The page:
CABRERA: Do you think Reince Priebus needs to go then?

GERGEN: He either needs to go or he needs to have a -- he needs to be supported by Trump in such a way as he really can scrap the whip and do what McMaster is doing on the national security side. McMaster is turning out to be a strong leader for national security. Reince Priebus either has to do better. I think he needs to find somebody else.

CABRERA: All right, David Gergen, always good to have you. Thank you. And Happy Easter.

GERGEN: OK. Thanks, Ana.

We are keeping a close eye on this situation developing in Cleveland. A manhunt under way right now for this man. He is the suspect who police say killed a man and broadcast it on Facebook. Police and the mayor asking him to turn himself in.

Much more coming up. You are live in the CNN NEWSROOM.


[19:46:42] CABRERA: An update on our breaking news. A suspected shooter still on the loose in Cleveland, Ohio. Police say this man, Steve Stephens stopped his car and brutally gunned down an elderly man he didn't know and broadcast the killing on Facebook. He claims to have killed many others.

Right now police and the FBI are scouring the city of Cleveland and the surrounding area. Police chief, the mayor are urging Stephens to turn himself in and they are warning Cleveland residents to stay on the lookout.


WILLIAMS: No. Nothing is on lockdown. But we are encouraging people to be careful and to be vigilant. To watch for one another.

What happened today was senseless. If Steve has an issue, he needs to talk to some folks to get that resolved. I know, Steve, that you have a relationship with our clergy in northeast Ohio. I encourage you to give them a call and talk to them and then call us and turn yourself in.


CABRERA: Stephens' victim has now been identified as 74-year-old Robert Goodwin. Police say Stephens had no apparent connection to Mr. Goodwin, apparently picking him at random. Goodwin's children spoke earlier to CNN affiliate WOIO.


UNIDENTIFIED MALE: We were laughing. I mean, he is a good guy. I mean --

UNIDENTIFIED FEMALE: Very good father.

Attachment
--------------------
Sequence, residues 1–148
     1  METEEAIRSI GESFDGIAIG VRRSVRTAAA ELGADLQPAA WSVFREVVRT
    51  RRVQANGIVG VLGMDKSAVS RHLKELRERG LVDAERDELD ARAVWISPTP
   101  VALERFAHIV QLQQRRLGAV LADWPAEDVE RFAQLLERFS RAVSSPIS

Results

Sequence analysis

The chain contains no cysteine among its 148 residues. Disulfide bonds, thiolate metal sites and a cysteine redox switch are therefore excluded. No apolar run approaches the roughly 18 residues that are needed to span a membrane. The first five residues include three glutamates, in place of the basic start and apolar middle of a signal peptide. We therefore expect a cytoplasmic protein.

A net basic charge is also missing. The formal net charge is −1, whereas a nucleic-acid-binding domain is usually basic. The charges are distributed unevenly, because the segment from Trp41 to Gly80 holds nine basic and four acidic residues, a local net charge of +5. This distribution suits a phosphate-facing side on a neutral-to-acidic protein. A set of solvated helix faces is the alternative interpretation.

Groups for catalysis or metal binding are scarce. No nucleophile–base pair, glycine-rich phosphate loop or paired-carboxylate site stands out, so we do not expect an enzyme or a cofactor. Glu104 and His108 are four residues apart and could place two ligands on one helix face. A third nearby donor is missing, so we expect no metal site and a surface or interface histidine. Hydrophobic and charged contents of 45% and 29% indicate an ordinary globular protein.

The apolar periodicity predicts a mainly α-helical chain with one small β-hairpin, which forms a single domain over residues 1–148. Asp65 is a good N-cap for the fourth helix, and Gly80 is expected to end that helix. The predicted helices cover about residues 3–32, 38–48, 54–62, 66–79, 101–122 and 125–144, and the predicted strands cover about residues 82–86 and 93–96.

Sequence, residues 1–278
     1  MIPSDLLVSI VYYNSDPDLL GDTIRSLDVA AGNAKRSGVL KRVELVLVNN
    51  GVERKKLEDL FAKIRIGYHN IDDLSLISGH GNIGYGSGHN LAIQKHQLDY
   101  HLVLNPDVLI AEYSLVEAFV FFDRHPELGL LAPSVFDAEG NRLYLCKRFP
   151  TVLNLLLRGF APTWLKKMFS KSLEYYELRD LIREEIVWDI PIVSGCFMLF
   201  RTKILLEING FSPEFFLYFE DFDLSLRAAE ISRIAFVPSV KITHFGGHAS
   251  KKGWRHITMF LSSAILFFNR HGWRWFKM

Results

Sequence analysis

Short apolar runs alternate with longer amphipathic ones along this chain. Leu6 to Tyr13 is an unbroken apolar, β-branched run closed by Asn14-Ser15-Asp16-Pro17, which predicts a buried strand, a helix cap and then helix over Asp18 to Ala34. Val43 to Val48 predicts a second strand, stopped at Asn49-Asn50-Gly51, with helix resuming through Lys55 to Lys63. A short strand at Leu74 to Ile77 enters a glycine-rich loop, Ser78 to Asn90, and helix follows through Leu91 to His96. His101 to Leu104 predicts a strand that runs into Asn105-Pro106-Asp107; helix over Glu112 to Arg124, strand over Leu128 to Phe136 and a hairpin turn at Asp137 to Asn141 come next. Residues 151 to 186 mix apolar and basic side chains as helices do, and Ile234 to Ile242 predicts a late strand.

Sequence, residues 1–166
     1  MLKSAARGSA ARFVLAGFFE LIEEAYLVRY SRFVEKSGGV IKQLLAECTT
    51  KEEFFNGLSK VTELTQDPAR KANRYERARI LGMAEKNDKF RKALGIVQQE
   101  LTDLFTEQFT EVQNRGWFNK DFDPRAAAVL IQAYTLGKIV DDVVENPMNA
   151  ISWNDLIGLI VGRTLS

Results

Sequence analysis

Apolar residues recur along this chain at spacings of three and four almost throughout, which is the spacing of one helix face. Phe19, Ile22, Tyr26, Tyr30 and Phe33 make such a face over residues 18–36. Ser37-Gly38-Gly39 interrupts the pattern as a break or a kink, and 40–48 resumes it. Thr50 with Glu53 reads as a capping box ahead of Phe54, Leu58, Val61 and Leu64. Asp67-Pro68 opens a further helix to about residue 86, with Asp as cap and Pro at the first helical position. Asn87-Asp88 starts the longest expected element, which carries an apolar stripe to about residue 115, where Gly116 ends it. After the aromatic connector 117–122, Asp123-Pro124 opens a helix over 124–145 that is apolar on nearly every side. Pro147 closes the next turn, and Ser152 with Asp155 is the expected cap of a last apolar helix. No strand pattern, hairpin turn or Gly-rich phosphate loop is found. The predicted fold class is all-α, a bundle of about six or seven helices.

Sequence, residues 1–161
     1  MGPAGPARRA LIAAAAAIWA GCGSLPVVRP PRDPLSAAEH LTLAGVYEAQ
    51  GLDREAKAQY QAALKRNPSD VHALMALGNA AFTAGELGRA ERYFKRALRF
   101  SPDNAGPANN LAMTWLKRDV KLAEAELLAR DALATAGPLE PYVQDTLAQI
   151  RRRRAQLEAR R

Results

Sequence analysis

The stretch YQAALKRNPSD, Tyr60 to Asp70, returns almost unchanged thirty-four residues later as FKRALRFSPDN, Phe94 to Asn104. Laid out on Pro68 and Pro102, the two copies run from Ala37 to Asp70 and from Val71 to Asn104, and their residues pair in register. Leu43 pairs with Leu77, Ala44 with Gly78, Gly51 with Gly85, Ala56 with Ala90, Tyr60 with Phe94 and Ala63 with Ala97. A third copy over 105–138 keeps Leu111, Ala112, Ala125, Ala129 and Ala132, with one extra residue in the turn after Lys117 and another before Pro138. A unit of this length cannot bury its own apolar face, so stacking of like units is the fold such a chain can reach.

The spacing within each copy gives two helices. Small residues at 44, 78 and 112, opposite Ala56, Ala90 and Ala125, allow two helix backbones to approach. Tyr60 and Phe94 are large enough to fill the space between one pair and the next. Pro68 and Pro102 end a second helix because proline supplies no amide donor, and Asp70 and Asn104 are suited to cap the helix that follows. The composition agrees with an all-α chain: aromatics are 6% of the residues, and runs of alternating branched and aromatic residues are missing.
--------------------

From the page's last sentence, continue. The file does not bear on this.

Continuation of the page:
UNIDENTIFIED MALE: He would give you the shirt off his back. I'm not just saying that for these cameras. Like people do know that they people really -- but I'm telling the truth. This man right here was a good man. And I just hate -- I hate he is gone. You know what I mean? I don't know what I'm going to do.



UNIDENTIFIED FEMALE: I feel like my heart is just going to stop. I feel like.

UNIDENTIFIED MALE: You'll be all right.

UNIDENTIFIED FEMALE: It's going to stop.

UNIDENTIFIED MALE: You're going to be all right.

UNIDENTIFIED FEMALE: It feels like it's going to stop.

UNIDENTIFIED MALE: Lisa, Lisa, Lisa. That's enough.


CABRERA: Police say Stephens was last seen driving a white Ford fusion with a temporary tag. He is just over 6 feet tall and weighs approximately 245 pounds. We will update with you any new developments.

Still ahead here in the NEWSROOM, Syria's president in full denial about the deaths of innocent children killed in a chemical attack that the U.S. and allies say he launched.


[19:53:08] CABRERA: There is a new development now with that horrifying chemical attack in Syria, the one that moved President Trump to attack a Syrian airbase. This week's Syria's president Bashar al-Assad is not only denying he is behind the atrocity but questioning whether it even happened.

CNN's Nick Paton Walsh has more. And I have to warn you this report contains graphic images.


NICK PATON WALSH, CNN SENIOR INTERNATIONAL CORRESPONDENT (voice-over): This is the world of most Syrians -- rubble, bombs, indiscriminate slaughter, even chemical weapons.

But welcome to the world according to Bashar al-Assad where things than can make look bad, simply didn't happen.

BASHAR AL-ASSAD, SYRIAN PRESIDENT: We don't know whether those dead children, were they killed at Khan Sheikhoun? Were they dead at all? Who committed the attack if there was an attack?

WALSH: Denial is nothing new for a man who was an eye doctor trained in London yet has found himself a hated dictator.

In the 17-year reign, that's swung from reformist to murderist, but despite U.S. missile strikes and talk in the Trump administration like this.

REX TILLERSON, SECRETARY OF STATE: Our view the reign of the Assad family is coming to an end.

WALSH: It's unclear that's on the verge of happening.

He denied bombings like this have ever happened. He has denied being behind this Sarin massacre in 2013, before later agreeing to give his chemical weapons up under Russian president.

Denial, pretty easy, if your world is in a palace that you haven't really left for five years. In fact, this may be the only time Assad left war time Damascus on a military plane en route to meet Vladimir Putin in the Kremlin. A public sign of the Russian support that has turned the war in his favor. Central Damascus is a lot quieter than the rest of Syria, and is now with the regime on the military front (INAUDIBLE). And when a place is damaged, it's often repaired.

The Syrian first lady, British born, Asma al-Assad, once a brief darling of "Glamour" magazine even dubbed quote "a rose in the desert by vogue" can enjoy the calm and charm she flaunts on Instagram often sharing photos of her with her family.

Assad never knew this lonely and twisted role was coming his way. Rushing into the presidency after his older brother's fatal car crash, yet he adapted to it with terrifying speed and strategic patience. The last man standing in his warped reality whose personal fate influences how much longer his people suffer.